Downing to Mané
Poulsen to Keïta
Carroll to Salah
Above, are just three examples of how the type and profile of Liverpool FC’s transfer targets have shifted under Jürgen Klopp in comparison to Hodgson and Dalglish, at the start of FSG’s tenure.
After several unsuccessful transfer windows which saw high spending, but minimal real gains in terms of quality and improvements to the team, Liverpool FC’s current transfer policy appears to be heading in a very different direction to that which preceded it.
Liverpool’s transfer policy under Hodgson and Dalglish was remarkably misguided, as unsuitable players were brought in, at prices that overestimated their value. But with Liverpool residing outside of the Champions League qualification spots, and with a lacklustre team, from which key players were departing, it was always going to be a challenge attracting the right type of player to make an immediate improvement to the team. But it seemed for a time, at least, that there were certain micro-objectives that affected the transfer policy, such as building a distinctly English team, or searching for cut-price deals in spite of the practical necessities, or even simply going after quantity instead of quality.
Downing, Carroll, Adam and Henderson all feature as examples of the first type, whilst Assaidi, Borini, Aspas, Alberto, Coutinho and Sturridge are all examples of the second. Can, Lambert, Lallana, Markovic, Lovren, Origi, Moreno and Balotelli collectively personify the quantity approach.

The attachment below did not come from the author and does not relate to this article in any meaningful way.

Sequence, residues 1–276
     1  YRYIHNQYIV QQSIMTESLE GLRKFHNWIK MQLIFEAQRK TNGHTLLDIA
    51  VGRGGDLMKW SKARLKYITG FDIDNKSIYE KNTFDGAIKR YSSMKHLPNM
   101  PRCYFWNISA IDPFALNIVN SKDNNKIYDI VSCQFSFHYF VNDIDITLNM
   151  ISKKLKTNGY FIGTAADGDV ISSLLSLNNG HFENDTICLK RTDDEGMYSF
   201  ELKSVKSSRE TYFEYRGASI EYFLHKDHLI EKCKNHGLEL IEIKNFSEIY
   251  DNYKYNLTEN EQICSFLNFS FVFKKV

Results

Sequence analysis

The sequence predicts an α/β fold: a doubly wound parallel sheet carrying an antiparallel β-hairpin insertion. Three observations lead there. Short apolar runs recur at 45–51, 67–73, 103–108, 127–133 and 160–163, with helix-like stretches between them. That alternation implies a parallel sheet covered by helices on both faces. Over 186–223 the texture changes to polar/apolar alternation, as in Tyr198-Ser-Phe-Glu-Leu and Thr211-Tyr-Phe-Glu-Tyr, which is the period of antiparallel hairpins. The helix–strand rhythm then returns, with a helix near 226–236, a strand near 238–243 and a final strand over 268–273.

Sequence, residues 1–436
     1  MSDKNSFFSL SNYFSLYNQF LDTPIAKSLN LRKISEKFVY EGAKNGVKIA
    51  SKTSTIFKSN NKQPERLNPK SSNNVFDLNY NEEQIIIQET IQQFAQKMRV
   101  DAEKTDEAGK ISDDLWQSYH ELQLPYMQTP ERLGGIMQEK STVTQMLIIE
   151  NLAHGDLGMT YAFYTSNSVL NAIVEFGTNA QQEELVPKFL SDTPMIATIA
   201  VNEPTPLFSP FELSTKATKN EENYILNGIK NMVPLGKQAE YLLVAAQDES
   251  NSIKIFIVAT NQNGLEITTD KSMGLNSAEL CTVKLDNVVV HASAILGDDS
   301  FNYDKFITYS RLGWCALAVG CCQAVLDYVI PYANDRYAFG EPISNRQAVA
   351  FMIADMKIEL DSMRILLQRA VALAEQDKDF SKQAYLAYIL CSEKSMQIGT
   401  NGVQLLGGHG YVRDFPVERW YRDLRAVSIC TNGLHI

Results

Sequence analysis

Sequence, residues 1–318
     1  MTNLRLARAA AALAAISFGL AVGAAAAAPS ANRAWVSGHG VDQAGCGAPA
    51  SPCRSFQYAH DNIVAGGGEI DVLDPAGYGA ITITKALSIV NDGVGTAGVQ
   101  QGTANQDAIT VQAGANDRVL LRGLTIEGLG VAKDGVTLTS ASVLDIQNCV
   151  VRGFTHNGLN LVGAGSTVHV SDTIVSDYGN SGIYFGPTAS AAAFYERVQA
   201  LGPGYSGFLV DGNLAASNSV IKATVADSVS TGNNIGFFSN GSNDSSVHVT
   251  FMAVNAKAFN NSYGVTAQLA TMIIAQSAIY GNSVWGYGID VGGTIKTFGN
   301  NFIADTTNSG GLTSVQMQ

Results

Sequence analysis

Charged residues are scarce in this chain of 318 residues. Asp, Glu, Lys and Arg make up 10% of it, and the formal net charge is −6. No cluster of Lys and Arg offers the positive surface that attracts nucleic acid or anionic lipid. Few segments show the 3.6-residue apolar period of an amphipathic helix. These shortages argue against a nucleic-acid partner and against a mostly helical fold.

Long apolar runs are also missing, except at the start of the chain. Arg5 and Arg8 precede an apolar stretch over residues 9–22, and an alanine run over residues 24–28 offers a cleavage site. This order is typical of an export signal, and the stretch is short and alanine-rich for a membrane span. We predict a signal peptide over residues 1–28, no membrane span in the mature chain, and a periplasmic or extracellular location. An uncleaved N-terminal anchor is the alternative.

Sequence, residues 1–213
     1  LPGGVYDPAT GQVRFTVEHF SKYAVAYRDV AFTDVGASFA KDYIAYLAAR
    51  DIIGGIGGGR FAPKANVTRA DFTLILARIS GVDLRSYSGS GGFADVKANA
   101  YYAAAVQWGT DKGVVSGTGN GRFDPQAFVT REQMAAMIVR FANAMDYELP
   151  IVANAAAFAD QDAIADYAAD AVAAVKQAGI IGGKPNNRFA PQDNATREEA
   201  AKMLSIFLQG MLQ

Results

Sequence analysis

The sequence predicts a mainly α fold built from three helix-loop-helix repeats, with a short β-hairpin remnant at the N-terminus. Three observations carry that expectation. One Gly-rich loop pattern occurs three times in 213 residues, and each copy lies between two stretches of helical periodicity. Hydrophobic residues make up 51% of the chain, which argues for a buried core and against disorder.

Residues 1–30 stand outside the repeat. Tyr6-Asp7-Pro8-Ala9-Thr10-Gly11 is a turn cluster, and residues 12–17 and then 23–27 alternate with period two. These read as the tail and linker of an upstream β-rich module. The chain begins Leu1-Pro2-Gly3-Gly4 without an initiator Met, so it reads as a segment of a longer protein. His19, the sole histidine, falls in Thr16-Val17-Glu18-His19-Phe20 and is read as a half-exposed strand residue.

The list above includes some fantastic players, some very good ones, but also some very poor ones too: a hit-and-miss transfer policy was never the objective.
What we can see though is the progression and evolution of Liverpool FC’s transfer policy over the years, as the club and management came to terms with the demands and requirements of the Premier League. But even after Brendan Rodgers achieved a second place finish with Liverpool, the club failed to secure its primary target – Alexis Sanchez – and instead defaulted onto a regressive transfer policy, as players, like Balotelli, were brought in, despite not being one of the manager’s main targets.
The following season, the board were happy to back Rodgers with funding and secured his top target – Christian Benteke – for a sizeable £32.5 million. Not only this, but the club also purchased Hoffenheim starlet Roberto Firmino, who turned out to be an inspired choice, but not one Rodgers was enthused with.
Jürgen Klopp’s arrival set transfer policy on a different course to his predecessors though; it may have seemed like much of the same as Liverpool failed to secure Alex Teixeira from Shaktar, but the interest in Teixeira was already a subtle change in policy – as Liverpool actively targeted players which addressed a deficit within the team, and who were also of Champions League quality.